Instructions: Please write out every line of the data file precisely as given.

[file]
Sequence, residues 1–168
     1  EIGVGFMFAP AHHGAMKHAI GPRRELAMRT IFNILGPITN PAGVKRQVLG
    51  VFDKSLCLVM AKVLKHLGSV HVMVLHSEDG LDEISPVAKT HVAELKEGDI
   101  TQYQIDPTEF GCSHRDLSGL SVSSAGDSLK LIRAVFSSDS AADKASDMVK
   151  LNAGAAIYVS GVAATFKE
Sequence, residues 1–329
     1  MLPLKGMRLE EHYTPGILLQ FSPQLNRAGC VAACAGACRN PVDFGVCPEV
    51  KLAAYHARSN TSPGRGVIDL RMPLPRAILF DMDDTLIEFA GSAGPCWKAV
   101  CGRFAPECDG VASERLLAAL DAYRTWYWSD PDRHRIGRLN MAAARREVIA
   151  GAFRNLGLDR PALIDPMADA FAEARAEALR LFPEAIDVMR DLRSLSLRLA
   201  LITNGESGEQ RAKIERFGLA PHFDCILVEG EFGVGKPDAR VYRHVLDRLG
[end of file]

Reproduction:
Sequence, residues 1–168
     1  EIGVGFMFAP AHHGAMKHAI GPRRELAMRT IFNILGPITN PAGVKRQVLG
    51  VFDKSLCLVM AKVLKHLGSV HVMVLHSEDG LDEISPVAKT HVAELKEGDI
   101  TQYQIDPTEF GCSHRDLSGL SVSSAGDSLK LIRAVFSSDS AADKASDMVK
   151  LNAGAAIYVS GVAATFKE
Sequence, residues 1–329
     1  MLPLKGMRLE EHYTPGILLQ FSPQLNRAGC VAACAGACRN PVDFGVCPEV
    51  KLAAYHARSN TSPGRGVIDL RMPLPRAILF DMDDTLIEFA GSAGPCWKAV
   101  CGRFAPECDG VASERLLAAL DAYRTWYWSD PDRHRIGRLN MAAARREVIA
   151  GAFRNLGLDR PALIDPMADA FAEARAEALR LFPEAIDVMR DLRSLSLRLA
   201  LITNGESGEQ RAKIERFGLA PHFDCILVEG EFGVGKPDAR VYRHVLDRLG